Jewish Calendars, Planners and Date Books 2016, 2017

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Real Jewish Calendars feature not just Jewish artwork, or Hebrew terminology: they are also customized to help you keep track of the Jewish year, religious holidays etc. The best of them are beautiful as well as functional.

This collection of Jewish calendars and planners should help you find a great addition to your kitchen: inspiring and a great way to keep track of those ‘to do’s’ that wall calendars are so helpful for.

Above is The Jewish Engagement Calendar: Jewish Year 5774/5775 by the New York Jewish Museum. This best selling Jewish Planner includes full-color illustrations of Judaic ceremonial masterpieces along with selections from the Jewish Museum’s exceptional fine art collection.

This gorgeous selection of Judaica and fine art from The Jewish Museum in New York features a great variety of Jewish treasures, including Judaica, paintings, sculptures, and photographs.

The calendar spans a full 16 months from September to the end of December of the next (normal) calendar year and includes US and Jewish holidays, Sabbath candle-lighting times plus a list of Jewish holidays through to the year 2026.

Jews and Judaism

The Jewish people are an ancient tribe that started it’s long history in the Middle East. Their history goes back at least 3000 years.

Understanding Judaism starts with understanding the tribal origins of this people.

During much of those 3000 years Jews lived in what’s now Israel and Palestine. Their language was Hebrew, which is a Semitic language, akin to Arabic and Aramaic.

Currently Jews live all over the world in what’s called the ‘Diaspora’. In Northern Europe they spoke Yiddish, which is still spoken in small communities in the US, while in Southern Europe they spoke Ladino (Judeo-Spanish).

Hebrew Illuminations Wall Calendar – 16 Months September -December the following year

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This 16 month calendar, features ornate, highly detailed Judaic paintings in watercolor, colored pencil and acrylic, all created by Jewish artist Adam Rhine.

This unique calendar features illustrations of the Yom Tovim, which are Holy Days significant to the Jewish faith.

Size Closed: 12.0 ” x 12.0 “

Yiddish Phrase-A-Day Desk Calendar – 365 Day Calendar9455113_f520

Learn a new Yiddish phrase every day of the year. How about ” From beautiful day (sheyner tog!) to I love youI (kh hob dir lib)!!

Easy pronunciations and clear definitions are included.

Jewish Celebrations Wall Calendar61VK76W3WGL

Malcah Zeldis ios an Artist who creates brilliant paintings that capture the living spirit of Jewish tradition, which are based on her own childhood memories, formed from her experiences living in various Orthodox neighborhoods and the years she spent in Israel.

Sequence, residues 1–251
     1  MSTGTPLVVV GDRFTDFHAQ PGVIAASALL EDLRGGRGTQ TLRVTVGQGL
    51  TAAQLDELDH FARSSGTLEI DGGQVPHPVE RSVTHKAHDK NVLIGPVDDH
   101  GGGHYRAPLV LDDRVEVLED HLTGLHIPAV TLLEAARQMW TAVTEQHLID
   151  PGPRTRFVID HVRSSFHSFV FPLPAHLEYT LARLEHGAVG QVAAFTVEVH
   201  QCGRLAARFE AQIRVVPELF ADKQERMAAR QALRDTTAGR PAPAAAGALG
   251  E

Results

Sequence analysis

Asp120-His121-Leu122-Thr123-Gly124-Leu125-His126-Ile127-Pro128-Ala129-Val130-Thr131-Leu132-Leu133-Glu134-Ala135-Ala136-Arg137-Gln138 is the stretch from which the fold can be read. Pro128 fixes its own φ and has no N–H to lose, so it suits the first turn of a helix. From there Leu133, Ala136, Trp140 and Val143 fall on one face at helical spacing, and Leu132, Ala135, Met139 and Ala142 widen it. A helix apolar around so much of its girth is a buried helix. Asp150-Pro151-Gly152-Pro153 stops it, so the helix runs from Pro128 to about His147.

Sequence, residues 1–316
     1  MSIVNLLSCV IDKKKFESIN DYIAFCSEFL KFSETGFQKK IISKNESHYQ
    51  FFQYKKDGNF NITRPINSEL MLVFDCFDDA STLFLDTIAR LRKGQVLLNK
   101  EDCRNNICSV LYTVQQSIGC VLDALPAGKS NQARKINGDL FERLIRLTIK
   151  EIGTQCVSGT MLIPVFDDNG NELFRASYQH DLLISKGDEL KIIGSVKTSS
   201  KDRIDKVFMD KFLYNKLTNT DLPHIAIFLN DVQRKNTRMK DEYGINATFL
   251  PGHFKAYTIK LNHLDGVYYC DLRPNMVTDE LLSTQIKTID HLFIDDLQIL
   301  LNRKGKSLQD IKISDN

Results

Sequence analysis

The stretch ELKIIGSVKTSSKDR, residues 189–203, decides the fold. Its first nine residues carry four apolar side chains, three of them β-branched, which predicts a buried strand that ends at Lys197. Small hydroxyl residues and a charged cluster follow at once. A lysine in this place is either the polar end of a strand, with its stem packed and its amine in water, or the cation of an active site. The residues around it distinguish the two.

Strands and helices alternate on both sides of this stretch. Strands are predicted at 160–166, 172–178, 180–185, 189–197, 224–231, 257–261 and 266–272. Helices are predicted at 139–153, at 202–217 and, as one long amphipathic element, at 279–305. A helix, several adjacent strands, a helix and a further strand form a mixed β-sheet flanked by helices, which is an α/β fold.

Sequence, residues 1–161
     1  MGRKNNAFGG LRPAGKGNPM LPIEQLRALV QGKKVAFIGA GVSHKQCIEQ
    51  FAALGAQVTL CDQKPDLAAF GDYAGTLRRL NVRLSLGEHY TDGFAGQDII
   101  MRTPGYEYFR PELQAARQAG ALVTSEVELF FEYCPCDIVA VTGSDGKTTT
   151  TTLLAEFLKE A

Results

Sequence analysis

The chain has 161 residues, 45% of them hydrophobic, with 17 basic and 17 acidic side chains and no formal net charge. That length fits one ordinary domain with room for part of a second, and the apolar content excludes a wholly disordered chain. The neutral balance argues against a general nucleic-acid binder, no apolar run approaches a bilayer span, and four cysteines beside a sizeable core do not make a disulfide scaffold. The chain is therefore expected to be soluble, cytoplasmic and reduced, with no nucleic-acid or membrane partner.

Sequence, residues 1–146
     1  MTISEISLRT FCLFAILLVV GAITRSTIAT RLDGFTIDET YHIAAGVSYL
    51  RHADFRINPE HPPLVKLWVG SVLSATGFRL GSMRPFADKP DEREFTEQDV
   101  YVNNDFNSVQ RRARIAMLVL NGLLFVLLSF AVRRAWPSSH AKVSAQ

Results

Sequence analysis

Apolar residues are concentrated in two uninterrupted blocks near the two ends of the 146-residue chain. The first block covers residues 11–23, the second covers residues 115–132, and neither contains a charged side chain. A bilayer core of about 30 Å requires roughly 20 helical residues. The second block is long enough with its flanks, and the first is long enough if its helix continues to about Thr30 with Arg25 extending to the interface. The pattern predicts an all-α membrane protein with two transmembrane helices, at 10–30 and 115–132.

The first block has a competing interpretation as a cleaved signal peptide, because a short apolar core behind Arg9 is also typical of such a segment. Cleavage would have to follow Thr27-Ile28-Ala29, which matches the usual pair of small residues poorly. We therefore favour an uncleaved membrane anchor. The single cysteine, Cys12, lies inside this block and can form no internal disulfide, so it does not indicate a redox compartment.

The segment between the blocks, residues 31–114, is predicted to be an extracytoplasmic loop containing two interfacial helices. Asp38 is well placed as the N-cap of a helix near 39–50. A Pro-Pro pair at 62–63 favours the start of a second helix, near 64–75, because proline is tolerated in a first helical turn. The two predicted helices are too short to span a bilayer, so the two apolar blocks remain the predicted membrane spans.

This 16 month calendar runs from September through until the end of December and features everyday rituals to annual ceremonies to once-in-a-lifetime events. The calendar also includes Jewish holidays, days of the Jewish year, weekly Torah readings and a list of candle lighting times for selected cities.

Israel Wall Calendar9455126_f520

Enjoy Photographs of beautiful Israel. Israel is home to various sacred, archaeological and historical sites; sun-drenched beaches along the Mediterranean, Red Sea, Dead Sea, and the Sea of Galilee; amazing mountains.

The Jewish Museum Art Wall Calendar – Religion & Inspirational,Religion & Spirituality Jewish

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The beautiful and fascinating paintings, prints, textiles, and ceremonial objects reproduced in this sixteen-month calendar reveal different aspects of Jewish culture. Spanning several continents and nearly three centuries, these works, from The Jewish Museum in New York City, speak powerfully about the Jewish experience in the world.

The Jewish Museum calendar covers September through December (Elul through Tevet). It helps you keep track of major and minor Jewish holidays, find weekly Torah readings and candle lighting times, and gives blessings to be recited over the candles.

Jewish Holidays on the Jewish Calendar

Jews, as a people and as a religious congregations, share a set of holidays and festivals: holy or secular commemoration of an important event in Jewish history. In Hebrew, Jewish holidays and festivals, depending on their nature, may be called yom tov (“good day”) (Yiddish: yontif) or chag (“festival”) or ta’anit (“fast”).

Most of the calendars and date books on this page will tell you the exact date of these holidays in the year. Since the Jewish calendar is based on the lunar calendar, the dates are never fixed within the Gregorian calendar.